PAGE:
Today many unthinking Protestants have taken up the catch-cry, "Stop preaching doctrine and preach only Christ." But what we believe in doctrine determines our whole attitude to Christ and his faith. The doctrines of Thomism lead to intolerance and persecution. This catch-cry may well serve the purposes of the ecumenical movement in its blind surge toward a unity, based not upon the truths of doctrinal purity, but upon a warm, fuzzy feeling among churches who possess diametrically opposed doctrines: such as the predestination of Presbyterians and the free choice of Methodists. But this catch-cry provides no basis whatsoever for unity based upon the platform of truth. Christ’s prayer for unity is riveted upon truth.

Sanctify them through thy truth: thy word is truth. . . . And for their sakes I sanctify myself, that they also might be sanctified through the truth. (John 17:17, 19)

Let it never be forgotten that Christ is the center of all true doctrine. The Lord of the Sabbath is the central focus of the Sabbath doctrine. The One who is the resurrection and the life is the center of the truth of the resurrection. The One who is our heavenly High Priest is the center of the doctrine of the Advocacy of Christ. The One who is the coming King is the center of the Biblical doctrine of the Second Coming. Every doctrine, validated by Scripture, leads us to Christ. It is He who is the doctrine par excellence.

Thus it is not a matter of wonderment that—

extreme forms of anti-Judaism also erupted among Catholic intellectual clerics during the reign of Leo XIII. (John Cornwell, op.cit., p. 28)

False doctrines bear their fruit. They lead to un-Christlike actions.

Despite Leo’s encyclicals supporting the working class,

Catholic visitors were required to kneel at his feet during audiences and throughout his reign he never spoke so much as a word to menial servants. (Ibid., p. 30)

But in death Leo was not accorded the usual kissing of the feet because of the summer heat; and his coffin suffered the indignity of having to be kicked into place by the undertakers. It is little wonder that Cardinal Sarto, within a few days to be elected Pope Pius X, was aghast as he watched and commented to a fellow cardinal, "See. That’s how Popes end up." (C. Falconi, Popes in the Twentieth Century, London, 1967, p. 2) Such is the transient nature of man’s pride.

Yet Leo’s influence impacted upon his successors. It was his influence which led Pius XI in 1925 in his encyclical Quas primas to declare that the Roman Catholic Church—

not only symbolizes the definitive reign of God over the universe, but actuates, if by gradual degrees, the sovereignty of Christ in the world, including men and peoples to its laws of justice and peace.

Thus the Papacy reasserted its authority over all mankind, healing further its wound, as slumbering nations made little protest.

Peter de Rose reported that,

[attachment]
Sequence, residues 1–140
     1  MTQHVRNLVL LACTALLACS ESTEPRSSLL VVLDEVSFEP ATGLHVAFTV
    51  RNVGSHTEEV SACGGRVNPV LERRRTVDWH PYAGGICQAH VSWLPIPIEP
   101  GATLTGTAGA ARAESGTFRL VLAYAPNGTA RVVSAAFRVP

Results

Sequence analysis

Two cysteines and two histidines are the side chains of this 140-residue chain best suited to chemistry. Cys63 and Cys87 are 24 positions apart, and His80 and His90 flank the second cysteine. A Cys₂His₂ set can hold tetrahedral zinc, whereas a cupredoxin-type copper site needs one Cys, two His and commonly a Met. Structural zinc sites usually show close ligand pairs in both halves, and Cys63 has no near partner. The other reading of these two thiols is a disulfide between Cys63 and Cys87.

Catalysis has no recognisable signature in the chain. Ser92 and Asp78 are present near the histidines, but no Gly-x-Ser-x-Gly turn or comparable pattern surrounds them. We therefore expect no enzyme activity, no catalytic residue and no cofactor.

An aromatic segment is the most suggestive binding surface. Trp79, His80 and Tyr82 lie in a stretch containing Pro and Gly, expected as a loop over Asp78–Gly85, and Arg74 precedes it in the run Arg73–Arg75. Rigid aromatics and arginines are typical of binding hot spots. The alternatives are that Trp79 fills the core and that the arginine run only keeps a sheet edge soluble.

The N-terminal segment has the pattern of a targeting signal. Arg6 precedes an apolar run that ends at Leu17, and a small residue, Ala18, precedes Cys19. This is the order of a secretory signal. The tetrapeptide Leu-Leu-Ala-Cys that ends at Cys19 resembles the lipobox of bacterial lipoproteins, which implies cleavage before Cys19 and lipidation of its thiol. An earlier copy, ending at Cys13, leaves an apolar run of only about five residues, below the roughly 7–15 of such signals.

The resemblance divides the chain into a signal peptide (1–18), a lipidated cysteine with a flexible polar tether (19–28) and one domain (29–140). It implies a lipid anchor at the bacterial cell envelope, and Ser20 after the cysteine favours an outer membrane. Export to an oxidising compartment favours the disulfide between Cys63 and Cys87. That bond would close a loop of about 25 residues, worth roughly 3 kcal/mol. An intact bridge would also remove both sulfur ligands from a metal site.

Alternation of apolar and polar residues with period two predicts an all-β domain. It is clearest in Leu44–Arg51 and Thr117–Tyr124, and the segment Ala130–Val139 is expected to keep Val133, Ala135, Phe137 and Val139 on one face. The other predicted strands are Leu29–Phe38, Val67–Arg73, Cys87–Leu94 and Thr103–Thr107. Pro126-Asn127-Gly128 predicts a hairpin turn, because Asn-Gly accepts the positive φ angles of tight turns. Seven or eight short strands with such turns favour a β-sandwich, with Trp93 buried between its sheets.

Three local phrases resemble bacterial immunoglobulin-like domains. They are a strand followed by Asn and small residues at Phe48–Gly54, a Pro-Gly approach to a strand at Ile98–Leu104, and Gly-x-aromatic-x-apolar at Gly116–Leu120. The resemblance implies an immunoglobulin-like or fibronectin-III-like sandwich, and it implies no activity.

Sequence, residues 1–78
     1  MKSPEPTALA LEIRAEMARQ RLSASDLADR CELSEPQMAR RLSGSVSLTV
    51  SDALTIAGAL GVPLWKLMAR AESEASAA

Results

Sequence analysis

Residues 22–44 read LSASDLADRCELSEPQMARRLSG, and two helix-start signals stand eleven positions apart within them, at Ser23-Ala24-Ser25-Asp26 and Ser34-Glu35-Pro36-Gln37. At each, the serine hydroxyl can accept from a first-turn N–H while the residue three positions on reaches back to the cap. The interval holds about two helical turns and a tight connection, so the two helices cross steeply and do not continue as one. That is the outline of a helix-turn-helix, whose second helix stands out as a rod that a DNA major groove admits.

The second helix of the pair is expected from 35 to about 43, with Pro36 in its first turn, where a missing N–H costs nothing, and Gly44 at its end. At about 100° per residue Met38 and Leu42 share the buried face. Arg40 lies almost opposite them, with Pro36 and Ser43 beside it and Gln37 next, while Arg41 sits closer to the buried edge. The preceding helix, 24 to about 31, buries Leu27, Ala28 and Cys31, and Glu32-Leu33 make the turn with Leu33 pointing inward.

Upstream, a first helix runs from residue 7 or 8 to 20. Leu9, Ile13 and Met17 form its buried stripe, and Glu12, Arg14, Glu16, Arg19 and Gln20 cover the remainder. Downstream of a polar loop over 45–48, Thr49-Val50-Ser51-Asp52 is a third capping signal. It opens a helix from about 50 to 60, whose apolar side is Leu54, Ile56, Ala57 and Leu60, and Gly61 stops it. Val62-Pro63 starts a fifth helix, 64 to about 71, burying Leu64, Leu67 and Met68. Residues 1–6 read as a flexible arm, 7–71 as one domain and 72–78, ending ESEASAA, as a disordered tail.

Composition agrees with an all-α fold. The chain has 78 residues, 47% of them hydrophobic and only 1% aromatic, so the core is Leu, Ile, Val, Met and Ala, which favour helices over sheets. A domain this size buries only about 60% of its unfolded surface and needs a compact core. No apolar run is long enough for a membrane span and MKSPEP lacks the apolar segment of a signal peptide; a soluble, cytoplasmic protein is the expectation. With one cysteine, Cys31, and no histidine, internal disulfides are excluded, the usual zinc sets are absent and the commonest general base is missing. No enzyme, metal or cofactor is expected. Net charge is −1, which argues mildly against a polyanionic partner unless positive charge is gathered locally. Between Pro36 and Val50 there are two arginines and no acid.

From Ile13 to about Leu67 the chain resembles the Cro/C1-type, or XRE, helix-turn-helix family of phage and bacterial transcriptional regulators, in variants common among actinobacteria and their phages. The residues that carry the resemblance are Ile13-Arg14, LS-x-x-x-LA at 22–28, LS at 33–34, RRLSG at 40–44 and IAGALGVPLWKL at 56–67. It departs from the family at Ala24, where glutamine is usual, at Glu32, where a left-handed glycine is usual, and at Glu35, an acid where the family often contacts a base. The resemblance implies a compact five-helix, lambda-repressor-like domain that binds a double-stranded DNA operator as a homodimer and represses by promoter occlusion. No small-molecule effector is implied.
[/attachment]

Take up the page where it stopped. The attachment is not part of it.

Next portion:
Pope Leo XIII said that politically "it is always urgent, indeed, the chief preoccupation, to think how best to serve the interests of Catholicism." (Vicars of Christ, p. 208)

It was in this area that Leo XIII made some progress later in his reign. In the early part of his pontificate the Vatican’s political stocks were low, as we will document in the following chapter. Throughout Europe her wishes were ignored with apparent impunity and indeed strongly opposed. Yet Leo in the later years of his reign did score some political victories. His efforts to flatter Count Otto von Bismarck into rescinding the discrimination against Roman Catholic liberties in marriage, episcopal appointments and education (Kulturkampf) were successful in 1887. By 1903 the number of diplomatic representatives at the Vatican had risen from eighteen at the commencement of his reign to twenty-seven, a goodly number in view of the fact that throughout his entire pontificate there was no sovereign territory as his base.

Sensing the futility of Roman Catholic agitation for the restoration of the French monarchy, he later guided most of the French faithful to accept the status quo. Strangely, in 1885 Germany and Spain accepted Leo’s arbitration in their dispute over the Caroline Islands in the North Pacific. He obtained a few concessions for Roman Catholics from Czar Nicholas II of Russia and improved relations with Britain by refusing to support the extreme methods adopted by the Irish agrarian reformers. He also was able to assert some influence over Protestant Queen Wilhelmina of the Netherlands.

But it was in the field of doctrine that the pope left a lasting heritage to his church. The doctrine of neo-Thomism, medieval in its origin and so pagan in its ultimate roots, continues to impress the minds of Catholic prelates. This thinking was well able to prepare the first beast of Revelation 13, at the time when world conditions are favorable, to impose its dictates upon dissenters, in the belief that it is doing the will of God. Anyone reading medieval history can discern the peril of the doctrines which Leo bequeathed to the Roman Catholic Church.

They shall put you out of the synagogues: yea, the time cometh, that whosoever killeth you will think that he doeth God service. And these things will they do unto you, because they have not known the Father, nor me. But these things have I told you, that when the time shall come, ye may remember that I told you of them. And these things I said not unto you at the beginning, because I was with you. (John 16:2—4)